Scone of the Month: Grating a great carrot recipe

As I move scone-ward through the year, I try to look at seasonal flavors when testing out a variety of monthly scone recipes. The tastes of fall run into spices, nuts, earthy and orange-y colors, apples and pumpkins, and yes, carrots!

I’m a huge carrot cake fan, and while this classic dessert can be (and is) served and eaten all year long, there’s something about the richness, spice and orange of this treat that tends to make it a favorite into the fall.

I had stumbled across a recipe for Carrot Nut Scones in a delightful little book full of great scone recipes, “Simply Scones” by Leslie Weiner and Barbara Albright (1988), which is a favorite by my friend and baker extraordinaire, Elaine, who has shared a number of scones she has baked from the book.

I knew that sometime during my year of scone-baking, I wanted to make the Carrot Nut Scones (and actually a number of others of the recipes, so many that I wouldn’t get to them all this year), and I thought about it in the spring, when carrots are a focus, but it also felt like fall was right, too. Earthy root vegetables have their place this time of year, too, and considering the scones were slightly spiced and featured rich pecans, I voted to make them this month. A whole cup of bright orange, crispy-sweet carrots is grated for this recipe.

Dry ingredients (in my case white flour, a little wheat flour, baking powder, baking soda, salt, cinnamon and nutmeg) are blended with 1/4 cup cold butter cubes until grainy looking and evenly distributed.

Plain yogurt is whisked with one egg and a teaspoon of vanilla, then this mixture is stirred into the flour mixture until just incorporated.

The recipe calls for golden raisins, but I’m not a big fan of these (something about the taste), so I opted for some dried pineapple chunks, considering I blend fresh pineapple into my favorite carrot cake. The carrots, pineapple and pecans are blended into the scone dough.

The dough is slightly crumbly, slightly sticky. Scone dough, like pie pastry, is often shaggy and seemingly too chunky to bring together at this point, but like pie pastry, a brief bit of gathering pulls it all together.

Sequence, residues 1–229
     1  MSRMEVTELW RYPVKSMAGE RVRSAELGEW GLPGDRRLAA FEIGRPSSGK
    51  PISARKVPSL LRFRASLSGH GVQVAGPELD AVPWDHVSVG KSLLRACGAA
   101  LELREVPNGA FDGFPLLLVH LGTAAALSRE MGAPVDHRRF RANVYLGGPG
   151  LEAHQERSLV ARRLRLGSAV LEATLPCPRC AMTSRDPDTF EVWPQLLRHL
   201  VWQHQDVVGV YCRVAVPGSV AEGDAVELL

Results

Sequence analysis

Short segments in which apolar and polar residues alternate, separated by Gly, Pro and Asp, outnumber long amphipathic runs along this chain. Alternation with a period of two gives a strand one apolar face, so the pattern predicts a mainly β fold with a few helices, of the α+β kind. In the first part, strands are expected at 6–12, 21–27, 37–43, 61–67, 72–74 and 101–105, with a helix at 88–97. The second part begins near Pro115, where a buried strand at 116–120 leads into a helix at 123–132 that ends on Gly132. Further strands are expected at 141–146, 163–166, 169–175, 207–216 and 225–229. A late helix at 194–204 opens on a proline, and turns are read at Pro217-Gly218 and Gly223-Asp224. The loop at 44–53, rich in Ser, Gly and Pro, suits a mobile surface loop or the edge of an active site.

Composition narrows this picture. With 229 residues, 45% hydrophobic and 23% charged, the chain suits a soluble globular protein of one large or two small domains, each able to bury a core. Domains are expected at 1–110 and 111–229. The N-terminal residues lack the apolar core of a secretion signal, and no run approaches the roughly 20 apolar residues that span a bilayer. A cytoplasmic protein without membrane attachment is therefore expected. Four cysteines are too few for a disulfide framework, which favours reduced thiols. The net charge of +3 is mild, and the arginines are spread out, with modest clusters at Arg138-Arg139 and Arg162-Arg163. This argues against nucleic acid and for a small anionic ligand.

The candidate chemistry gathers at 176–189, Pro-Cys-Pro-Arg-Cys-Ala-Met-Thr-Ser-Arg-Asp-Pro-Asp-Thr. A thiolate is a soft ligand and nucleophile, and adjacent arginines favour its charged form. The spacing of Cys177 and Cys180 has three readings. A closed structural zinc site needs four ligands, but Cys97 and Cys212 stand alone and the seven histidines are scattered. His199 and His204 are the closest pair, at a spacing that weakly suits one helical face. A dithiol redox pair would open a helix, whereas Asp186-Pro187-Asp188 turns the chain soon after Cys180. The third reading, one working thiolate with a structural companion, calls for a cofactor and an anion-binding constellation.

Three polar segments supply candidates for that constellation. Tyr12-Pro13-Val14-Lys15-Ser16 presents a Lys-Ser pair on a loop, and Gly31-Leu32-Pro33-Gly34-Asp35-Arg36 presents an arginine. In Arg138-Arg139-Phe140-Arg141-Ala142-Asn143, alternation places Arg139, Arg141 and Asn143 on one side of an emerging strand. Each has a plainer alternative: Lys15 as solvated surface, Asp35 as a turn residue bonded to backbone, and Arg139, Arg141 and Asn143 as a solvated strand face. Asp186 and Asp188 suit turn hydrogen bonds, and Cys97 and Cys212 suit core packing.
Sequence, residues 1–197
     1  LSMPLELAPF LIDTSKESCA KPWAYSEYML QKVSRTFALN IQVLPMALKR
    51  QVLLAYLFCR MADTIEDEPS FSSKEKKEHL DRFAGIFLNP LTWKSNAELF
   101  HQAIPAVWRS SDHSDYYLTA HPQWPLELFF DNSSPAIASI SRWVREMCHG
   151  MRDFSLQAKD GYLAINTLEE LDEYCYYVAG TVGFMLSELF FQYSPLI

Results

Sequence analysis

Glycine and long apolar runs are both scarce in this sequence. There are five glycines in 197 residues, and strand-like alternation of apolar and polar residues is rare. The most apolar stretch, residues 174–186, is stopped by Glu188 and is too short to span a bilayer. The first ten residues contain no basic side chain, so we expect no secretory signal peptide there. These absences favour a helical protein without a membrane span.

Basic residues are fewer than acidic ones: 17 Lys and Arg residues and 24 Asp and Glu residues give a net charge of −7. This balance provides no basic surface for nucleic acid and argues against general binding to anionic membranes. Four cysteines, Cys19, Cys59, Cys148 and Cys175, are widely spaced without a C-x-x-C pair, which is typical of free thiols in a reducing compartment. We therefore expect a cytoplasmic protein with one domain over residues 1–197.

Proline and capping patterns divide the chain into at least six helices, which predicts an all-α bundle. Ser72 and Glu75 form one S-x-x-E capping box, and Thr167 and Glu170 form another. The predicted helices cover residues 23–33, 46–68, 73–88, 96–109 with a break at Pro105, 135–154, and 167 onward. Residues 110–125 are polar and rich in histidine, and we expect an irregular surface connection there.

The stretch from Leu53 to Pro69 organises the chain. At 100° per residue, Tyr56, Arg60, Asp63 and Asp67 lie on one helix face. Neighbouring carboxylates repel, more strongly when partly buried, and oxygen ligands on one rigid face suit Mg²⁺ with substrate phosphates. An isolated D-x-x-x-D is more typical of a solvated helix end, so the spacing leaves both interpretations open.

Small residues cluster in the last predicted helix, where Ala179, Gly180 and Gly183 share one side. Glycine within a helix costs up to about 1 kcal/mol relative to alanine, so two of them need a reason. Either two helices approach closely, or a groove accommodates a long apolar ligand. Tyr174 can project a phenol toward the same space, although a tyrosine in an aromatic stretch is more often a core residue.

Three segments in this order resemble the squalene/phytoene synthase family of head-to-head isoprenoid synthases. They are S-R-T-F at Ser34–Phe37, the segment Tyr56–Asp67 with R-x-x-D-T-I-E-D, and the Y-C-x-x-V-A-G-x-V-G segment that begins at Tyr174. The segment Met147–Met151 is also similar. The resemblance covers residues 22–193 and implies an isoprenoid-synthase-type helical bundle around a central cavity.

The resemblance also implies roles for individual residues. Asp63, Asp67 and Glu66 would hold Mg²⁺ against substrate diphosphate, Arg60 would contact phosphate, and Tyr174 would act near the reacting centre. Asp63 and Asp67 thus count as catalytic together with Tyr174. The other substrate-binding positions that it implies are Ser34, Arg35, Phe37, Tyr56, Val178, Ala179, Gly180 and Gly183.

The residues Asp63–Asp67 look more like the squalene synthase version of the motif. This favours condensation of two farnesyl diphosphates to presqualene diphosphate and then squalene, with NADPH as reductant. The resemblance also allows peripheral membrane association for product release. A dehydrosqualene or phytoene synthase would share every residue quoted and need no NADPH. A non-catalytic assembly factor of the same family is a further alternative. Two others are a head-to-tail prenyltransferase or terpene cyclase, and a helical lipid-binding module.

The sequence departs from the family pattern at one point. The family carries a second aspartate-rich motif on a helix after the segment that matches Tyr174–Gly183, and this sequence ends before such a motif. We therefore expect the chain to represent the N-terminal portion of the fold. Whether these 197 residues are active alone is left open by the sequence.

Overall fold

The scone dough is shaped into an 8 to 8-1/2 inch circle, which I placed on a parchment-lined baking sheet.

Many of the scones in this book have the shaping and baking method of leaving the scones in a large circle that has been cut into wedges, but not divided and separated before baking. I often think this is a really smart way to make scones, as they hold their wedge shape a little better by staying in a huddle.

I took it upon myself to add a little embellishment of a sprinkling of sparkling sanding sugar and a large pecan half to the top of each scone (a little toasted pecan on the top couldn’t hurt).

The scones baked up to a lovely golden brown in about 20 minutes (you use a cake tester to determine doneness). After a brief cooling on the baking sheet, the scone circle has additional cooling time on a wire rack.

While the scones were cooling, I concocted a cream cheese spread. Cream cheese seemed a natural for a carrot scone, and I preferred not to do a glaze with this particular recipe. The spread was a simple blend of 4 ounces of cream cheese and two tablespoons of butter, softened at room temperature, a pinch of cinnamon, 2 tablespoons of raw honey, a squeeze of lemon juice, and about 1/4 chopped dates.

The deep golden scones were very tender and moist, and the taste, though subtle, was one of the best-flavored scones I’ve ever made. Soft flavored, rich with buttery pecans, the scones reminded me of something from my past, a crumbling snacking cake crunchy with nuts, almost juicy with rich sweetness and the taste of fall. The tangy cream cheese spread made the perfect accompaniment (as any carrot baked good should be topped). They went fast! And would come ‘round again soon…

Carrot Nut Scones

From “Simply Scones” by Leslie Weiner and Barbara Albright (1988)

Makes 8 Scones

  • 1 1/4 cups all-purpose flour
  • 1/4 cup honey crunch wheat germ
  • 1/2 cup firmly packed light brown sugar
  • 2 teaspoons baking powder
  • 1/2 teaspoon baking soda
  • 1/4 teaspoon salt
  • 1/8 teaspoon ground cinnamon
  • Pinch ground mace
  • 1/4 cup unsalted butter, chilled
  • 1/4 cup plain yogurt
  • 1 large egg
  • 1 teaspoon vanilla extract
  • 1 cup grated carrots
  • 2/3 cup golden raisins
  • 1/2 cup chopped pecans

Preheat oven to 400°F. Lightly butter a 10-inch circle in the center of a baking sheet.

In a large bowl, sift together the flour, wheat germ, brown sugar, baking powder, baking soda, salt, cinnamon and mace. Cut the butter into 1/2-inch cubes and distribute them over the flour mixture. With a pastry blender or two knives used scissors fashion, cut in the butter until the mixture resembles coarse crumbs. In a small bowl, stir together the yogurt, egg and vanilla. Add the yogurt mixture to the flour mixture and stir to combine. Stir in the carrots, raisins and pecans. The dough will be sticky.

Spread the dough in an 8 1/2-inch circle in the center of the prepared baking sheet. With a serrated knife, cut into 8 wedges. Bake for 19 to 21 minutes, or until the top is lightly browned and a cake tester or toothpick inserted into the center of the scones comes out clean.

Remove the baking sheet to a wire rack and cool for 5 minutes. Using a spatula, transfer the scones to the wire rack to cool. Recut into wedges, if necessary. Serve warm, or cool completely and store in an airtight container in the refrigerator. Let the scones reach room temperature or warm slightly before serving. These scones freeze well.

Blogger’s Note: I substituted slightly less than a 1/4 cup whole wheat flour for the wheat germ and used nutmeg instead of mace. I also used chopped dried pineapple instead of golden raisins. 

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